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Transport Minister John Baird inspects a full-body scanner at a news conference in Ottawa in January. ((Pawel Dwulit/Canadian Press))

An Islamic group is urging Muslim travellers to choose to be patted down by airport security rather than go through airport body scanners, a practice that it says violate religious and privacy rights.

The Fiqh Council of North America (FCNA) said the scanners, which produce a three-dimensional outline of a person's naked body, are "against the teachings of Islam, natural law and all religions and cultures that stand for decency and modesty."

"It is a violation of clear Islamic teachings that men or women be seen naked by other men and women," the group said in a statement last week.

"The Qur'an has commanded the believers, both men and women, to cover their private parts. Human beings are urged to be modest in their dress," the group said.

The Council on American-Islamic Relations also issued a statement of support of the FCNA's recommendation.

The United States began using the scanners capable of detecting items hidden underneath clothing at airports as part of new security protocols put in place in the wake of the failed bombing attempt on a Detroit-bound flight on Christmas Day.

Canada installing scanners

Halifax imam Dr. Jamal Badawi, one of 10 Muslim scholars on the council who made the religious ruling, said the only exception to the rules of modesty are medical necessity or another emergency.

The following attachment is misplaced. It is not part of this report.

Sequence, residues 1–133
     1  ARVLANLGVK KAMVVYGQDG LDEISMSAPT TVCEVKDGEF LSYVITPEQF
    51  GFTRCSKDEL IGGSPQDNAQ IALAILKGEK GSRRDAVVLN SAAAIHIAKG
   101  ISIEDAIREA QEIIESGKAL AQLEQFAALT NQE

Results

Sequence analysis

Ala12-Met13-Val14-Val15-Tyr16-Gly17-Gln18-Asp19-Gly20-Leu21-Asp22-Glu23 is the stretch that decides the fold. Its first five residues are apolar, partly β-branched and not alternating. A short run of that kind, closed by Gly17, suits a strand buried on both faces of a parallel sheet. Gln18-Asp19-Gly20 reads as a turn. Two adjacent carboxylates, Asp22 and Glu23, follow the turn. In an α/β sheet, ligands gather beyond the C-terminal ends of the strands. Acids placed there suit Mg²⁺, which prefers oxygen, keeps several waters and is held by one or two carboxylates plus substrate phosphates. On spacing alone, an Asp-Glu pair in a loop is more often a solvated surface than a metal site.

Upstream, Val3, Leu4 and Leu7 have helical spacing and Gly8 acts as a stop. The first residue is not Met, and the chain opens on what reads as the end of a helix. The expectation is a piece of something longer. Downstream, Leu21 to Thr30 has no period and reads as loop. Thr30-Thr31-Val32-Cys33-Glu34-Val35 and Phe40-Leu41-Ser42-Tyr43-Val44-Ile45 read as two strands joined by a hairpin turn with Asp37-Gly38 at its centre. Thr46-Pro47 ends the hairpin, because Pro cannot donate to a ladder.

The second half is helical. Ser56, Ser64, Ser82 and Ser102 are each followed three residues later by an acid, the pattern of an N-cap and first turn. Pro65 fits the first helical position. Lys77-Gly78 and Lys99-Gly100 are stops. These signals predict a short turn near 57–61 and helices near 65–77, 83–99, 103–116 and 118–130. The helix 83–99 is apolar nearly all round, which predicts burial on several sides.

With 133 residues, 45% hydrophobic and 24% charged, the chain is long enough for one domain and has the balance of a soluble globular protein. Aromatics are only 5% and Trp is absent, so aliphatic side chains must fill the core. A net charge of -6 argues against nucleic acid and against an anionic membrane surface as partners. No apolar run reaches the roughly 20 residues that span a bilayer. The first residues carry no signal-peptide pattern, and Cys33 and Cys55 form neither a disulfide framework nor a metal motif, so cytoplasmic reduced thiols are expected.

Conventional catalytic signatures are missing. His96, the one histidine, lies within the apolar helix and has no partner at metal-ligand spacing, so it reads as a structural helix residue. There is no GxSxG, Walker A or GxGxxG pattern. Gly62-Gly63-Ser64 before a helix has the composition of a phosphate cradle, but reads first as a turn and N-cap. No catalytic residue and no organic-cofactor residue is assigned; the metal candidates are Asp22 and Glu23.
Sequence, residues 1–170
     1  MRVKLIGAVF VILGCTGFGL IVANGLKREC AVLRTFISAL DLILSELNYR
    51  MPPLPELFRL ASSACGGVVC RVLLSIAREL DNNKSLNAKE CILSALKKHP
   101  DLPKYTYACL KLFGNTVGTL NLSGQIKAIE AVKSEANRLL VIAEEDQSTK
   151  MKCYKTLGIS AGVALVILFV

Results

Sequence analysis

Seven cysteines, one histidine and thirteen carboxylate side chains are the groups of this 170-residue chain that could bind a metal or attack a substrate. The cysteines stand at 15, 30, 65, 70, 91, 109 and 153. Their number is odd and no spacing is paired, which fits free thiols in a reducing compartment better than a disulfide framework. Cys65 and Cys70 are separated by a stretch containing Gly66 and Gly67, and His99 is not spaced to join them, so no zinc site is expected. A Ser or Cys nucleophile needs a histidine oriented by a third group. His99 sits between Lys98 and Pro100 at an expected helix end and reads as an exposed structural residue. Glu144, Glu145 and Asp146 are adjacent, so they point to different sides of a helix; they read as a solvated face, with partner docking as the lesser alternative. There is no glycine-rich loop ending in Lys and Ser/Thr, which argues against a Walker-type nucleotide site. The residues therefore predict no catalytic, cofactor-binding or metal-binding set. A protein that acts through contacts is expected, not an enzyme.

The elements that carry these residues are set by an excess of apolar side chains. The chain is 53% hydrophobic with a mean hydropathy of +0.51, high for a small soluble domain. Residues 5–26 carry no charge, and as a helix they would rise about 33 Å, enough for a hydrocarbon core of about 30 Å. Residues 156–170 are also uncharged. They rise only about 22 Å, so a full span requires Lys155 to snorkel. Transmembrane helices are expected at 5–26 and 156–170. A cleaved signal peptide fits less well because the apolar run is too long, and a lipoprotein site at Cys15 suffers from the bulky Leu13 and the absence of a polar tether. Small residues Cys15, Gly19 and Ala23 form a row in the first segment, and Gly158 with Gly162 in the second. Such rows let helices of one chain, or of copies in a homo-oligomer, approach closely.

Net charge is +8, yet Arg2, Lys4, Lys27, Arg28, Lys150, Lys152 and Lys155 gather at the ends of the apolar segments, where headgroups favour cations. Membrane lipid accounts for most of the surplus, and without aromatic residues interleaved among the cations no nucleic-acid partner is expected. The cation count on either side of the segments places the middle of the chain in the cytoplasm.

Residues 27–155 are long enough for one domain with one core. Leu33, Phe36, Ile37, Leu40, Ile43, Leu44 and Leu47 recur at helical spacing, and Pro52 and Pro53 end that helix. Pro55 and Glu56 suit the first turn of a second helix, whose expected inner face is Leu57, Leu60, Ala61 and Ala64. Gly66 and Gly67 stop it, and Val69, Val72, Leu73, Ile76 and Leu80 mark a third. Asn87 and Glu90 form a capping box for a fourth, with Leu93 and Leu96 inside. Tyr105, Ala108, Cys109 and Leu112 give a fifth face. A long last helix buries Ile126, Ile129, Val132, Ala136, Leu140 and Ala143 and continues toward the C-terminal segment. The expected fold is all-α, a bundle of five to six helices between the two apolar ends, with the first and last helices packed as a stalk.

"It has to be a clear and compelling case and only to the extent that it is absolutely needed," said Badawi. "And that doesn't seem to apply to these scanning machines."

Canada is also in the process of installing 44 scanners to be used on U.S.-bound passengers selected for secondary screening at Canadian airports.

The Canadian Air Transport Security Authority has said the scanners would protect the privacy of the passenger, and that the officer viewing the image would do so in a separate room and never see the actual traveller.

Only people singled out for extra screening would be scanned, and they would have the option of getting a physical search instead, according to authorities on both sides of the border.

The Fiqh council, which in 2005 issued an Islamic legal ruling, or fatwa, against terrorism and religious extremism, said it appreciated the pat-down search option and recommended Muslims choose this option.

U.S. puts countries on watch list

Canada has not adopted the U.S. approach of requiring additional screening for anyone flying into the U.S. who is a citizen of or is travelling from any of the 14 countries deemed to be state supporters of terrorism or "of interest" to the U.S.

Most of the countries listed are predominantly Muslim, and civil liberties groups say the policy of targeting travellers from specific countries opens the door to discriminatory racial profiling.

Transport Minister John Baird has said that "100 per cent" of Canadian travellers bound for the United States could be subjected to secondary screening.

The focus on security measures stems from the failed attempt by a Nigerian man to set off a bomb on a flight from Amsterdam to Detroit on Christmas Day.

Umar Farouk Abdulmutallab, 23, is accused of trying to ignite the bomb on the Northwest Airlines flight. Officials said he has told U.S. investigators he received training and instructions from al-Qaeda operatives in Yemen.